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Among young people in Hanoi like Phuong Ngan Pham, 18, center, the United States and President Barack Obama remain broadly popular. Obama is the third president to visit Vietnam in the postwar era.

Among young people in Hanoi like Phuong Ngan Pham, 18, center, the United States and President Barack Obama remain broadly popular. Obama is the third president to visit Vietnam in the postwar era. (Erik Slavin/Stars and Stripes)

HANOI, Vietnam — The heat and humidity in Vietnam’s capital ease to tolerable levels in May around 5 p.m., when crowds of locals and tourists alike stroll the city’s colorful Hoan Kiem lakeside.

Ask residents what they think of President Barack Obama’s upcoming visit, and they’ll express emotions ranging from adoration to apathy.

Some hope Obama’s visit will encourage Vietnam’s prosperity, while others view global economic trends as a more important driver of growth. People welcome a U.S. role in balancing China, but also recognize their next-door neighbor as both a troubling adversary and a necessary partner.

Phuong Ngan Pham, 18, idolizes Obama and looks up to his oldest daughter, Malia.

For Phuong and several of her friends hanging out by the lake, the Vietnam War is a tragic history lesson that has given way to a good relationship today. Phuong, who speaks fluent English, hopes to gain a visa to study at an American university.

“It’s kind of my dream,” she said.

Obama is the third president to visit Vietnam in the postwar era, and he comes at a time when America is broadly popular here despite lingering issues linked to the war. A 2015 Pew survey found a 77 percent favorable rating for the U.S. among Vietnamese, third-highest among 40 countries surveyed.

The reconciliation formally began when the countries normalized relations in 1995.

Bill Clinton, traveling with wife Hillary and daughter Chelsea, drew jubilant crowds when he visited in 2000. The former president’s role in normalizing relations hasn’t been forgotten here, and he is credited with changing Vietnam’s perception of the U.S. from enemy to friend, if not quite an ally.

George W. Bush’s visit in 2006 for the Asia Pacific Economic Cooperation summit was received politely but considerably cooler; news accounts from the time quoted Vietnamese citizens who said the Iraq War reminded them too much of what happened in their country.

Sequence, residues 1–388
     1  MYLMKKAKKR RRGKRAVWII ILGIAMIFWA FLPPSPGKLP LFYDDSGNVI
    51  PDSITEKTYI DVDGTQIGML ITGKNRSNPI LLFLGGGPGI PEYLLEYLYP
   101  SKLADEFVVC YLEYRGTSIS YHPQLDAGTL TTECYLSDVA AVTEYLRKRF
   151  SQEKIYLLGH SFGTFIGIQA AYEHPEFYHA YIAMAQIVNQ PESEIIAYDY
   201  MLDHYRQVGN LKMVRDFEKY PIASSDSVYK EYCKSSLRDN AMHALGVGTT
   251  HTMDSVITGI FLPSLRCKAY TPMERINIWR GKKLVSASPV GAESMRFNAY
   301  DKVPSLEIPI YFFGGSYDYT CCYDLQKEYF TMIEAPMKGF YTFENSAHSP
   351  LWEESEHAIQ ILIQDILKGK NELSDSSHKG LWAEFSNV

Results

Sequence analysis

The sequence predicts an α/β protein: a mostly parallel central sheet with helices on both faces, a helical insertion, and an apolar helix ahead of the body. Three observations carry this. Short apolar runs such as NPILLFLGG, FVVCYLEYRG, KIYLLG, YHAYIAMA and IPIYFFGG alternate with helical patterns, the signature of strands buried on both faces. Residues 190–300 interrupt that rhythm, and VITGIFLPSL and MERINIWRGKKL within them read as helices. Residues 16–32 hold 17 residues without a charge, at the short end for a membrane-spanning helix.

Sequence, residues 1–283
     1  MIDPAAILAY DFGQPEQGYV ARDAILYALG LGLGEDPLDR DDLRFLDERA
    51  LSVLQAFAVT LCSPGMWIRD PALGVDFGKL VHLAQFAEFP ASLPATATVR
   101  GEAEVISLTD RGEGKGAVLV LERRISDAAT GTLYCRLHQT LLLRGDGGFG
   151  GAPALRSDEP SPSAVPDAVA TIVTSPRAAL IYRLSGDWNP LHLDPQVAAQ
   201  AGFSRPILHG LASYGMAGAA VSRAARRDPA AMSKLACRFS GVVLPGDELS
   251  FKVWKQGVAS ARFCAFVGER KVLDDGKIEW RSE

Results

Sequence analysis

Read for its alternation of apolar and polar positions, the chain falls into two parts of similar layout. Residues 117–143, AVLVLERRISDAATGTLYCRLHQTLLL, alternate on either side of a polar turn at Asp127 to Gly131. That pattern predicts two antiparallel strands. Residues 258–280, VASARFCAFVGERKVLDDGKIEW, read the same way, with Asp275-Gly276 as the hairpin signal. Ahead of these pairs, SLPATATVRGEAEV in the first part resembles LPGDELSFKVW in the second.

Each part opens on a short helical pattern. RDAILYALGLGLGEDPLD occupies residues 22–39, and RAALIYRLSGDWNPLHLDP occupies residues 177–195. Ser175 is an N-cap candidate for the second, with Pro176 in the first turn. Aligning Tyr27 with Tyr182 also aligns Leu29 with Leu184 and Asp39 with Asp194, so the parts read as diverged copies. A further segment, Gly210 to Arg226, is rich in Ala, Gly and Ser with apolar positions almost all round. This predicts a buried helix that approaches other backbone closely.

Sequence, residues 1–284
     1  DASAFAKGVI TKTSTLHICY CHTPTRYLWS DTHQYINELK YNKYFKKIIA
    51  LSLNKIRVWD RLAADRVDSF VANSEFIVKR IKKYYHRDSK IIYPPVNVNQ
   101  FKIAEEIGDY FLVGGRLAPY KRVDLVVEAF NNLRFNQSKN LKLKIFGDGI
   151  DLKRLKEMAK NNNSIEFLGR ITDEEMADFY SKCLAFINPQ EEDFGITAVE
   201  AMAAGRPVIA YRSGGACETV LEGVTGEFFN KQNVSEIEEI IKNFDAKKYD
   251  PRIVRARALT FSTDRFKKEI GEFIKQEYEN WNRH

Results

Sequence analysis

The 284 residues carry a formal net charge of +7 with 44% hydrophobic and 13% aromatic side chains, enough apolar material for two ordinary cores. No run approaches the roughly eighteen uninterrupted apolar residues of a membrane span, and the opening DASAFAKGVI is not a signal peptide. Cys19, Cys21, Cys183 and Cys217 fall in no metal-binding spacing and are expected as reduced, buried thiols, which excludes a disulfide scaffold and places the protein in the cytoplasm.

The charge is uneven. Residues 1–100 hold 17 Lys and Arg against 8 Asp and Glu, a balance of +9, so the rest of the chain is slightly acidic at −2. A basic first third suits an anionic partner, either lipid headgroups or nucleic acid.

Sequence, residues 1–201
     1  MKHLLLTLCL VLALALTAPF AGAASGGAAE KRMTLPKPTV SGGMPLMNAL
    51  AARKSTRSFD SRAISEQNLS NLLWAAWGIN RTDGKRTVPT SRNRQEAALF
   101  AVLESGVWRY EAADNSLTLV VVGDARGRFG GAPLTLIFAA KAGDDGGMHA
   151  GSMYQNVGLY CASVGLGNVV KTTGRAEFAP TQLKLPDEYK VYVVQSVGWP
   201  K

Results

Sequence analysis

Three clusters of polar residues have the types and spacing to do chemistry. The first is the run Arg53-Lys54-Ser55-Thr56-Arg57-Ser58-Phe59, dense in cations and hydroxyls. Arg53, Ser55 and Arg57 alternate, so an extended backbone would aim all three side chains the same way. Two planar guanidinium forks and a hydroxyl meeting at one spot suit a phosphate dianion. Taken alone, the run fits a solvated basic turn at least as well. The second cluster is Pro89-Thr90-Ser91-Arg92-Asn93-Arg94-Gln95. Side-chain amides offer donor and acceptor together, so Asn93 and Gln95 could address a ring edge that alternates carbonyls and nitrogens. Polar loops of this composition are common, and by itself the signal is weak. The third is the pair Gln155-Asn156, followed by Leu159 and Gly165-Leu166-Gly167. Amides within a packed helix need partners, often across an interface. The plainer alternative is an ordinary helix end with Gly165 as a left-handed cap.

Obama’s visit appears welcome, though multiple Hanoi residents viewed it from a pragmatic perspective.

“Vietnam should be friends with as many countries as we can, and the U.S. is the strongest and the biggest,” said Nguyen Van Thiem, 60, a business owner.

Among four or five men in their 20s and early 30s outside some of Hanoi’s malls, Obama’s visit was shrugged off. Each said politics didn’t matter to them.

“If [Obama] comes or not, I’m not sure if my sales are going up,” said a store owner, who then walked away.

Some welcomed U.S. efforts to maintain peace in the region in the face of China’s militarization of South China Sea islands also claimed by Vietnam.

The Navy has repeatedly asserted its freedom to navigate in the South China Sea, despite Chinese protests.

A businessman named Hao, 44, voiced support for relations but saw limits to U.S. power. He quoted a Vietnamese proverb: The water from afar can’t cure the fire.

Vietnam’s troubles over South China Sea territory are just the latest round of tensions with China that go back to antiquity, he added.

“We can profit from America, but we live next to China,” Hao said.

slavin.erik@stripes.com

Twitter: @eslavin_stripes

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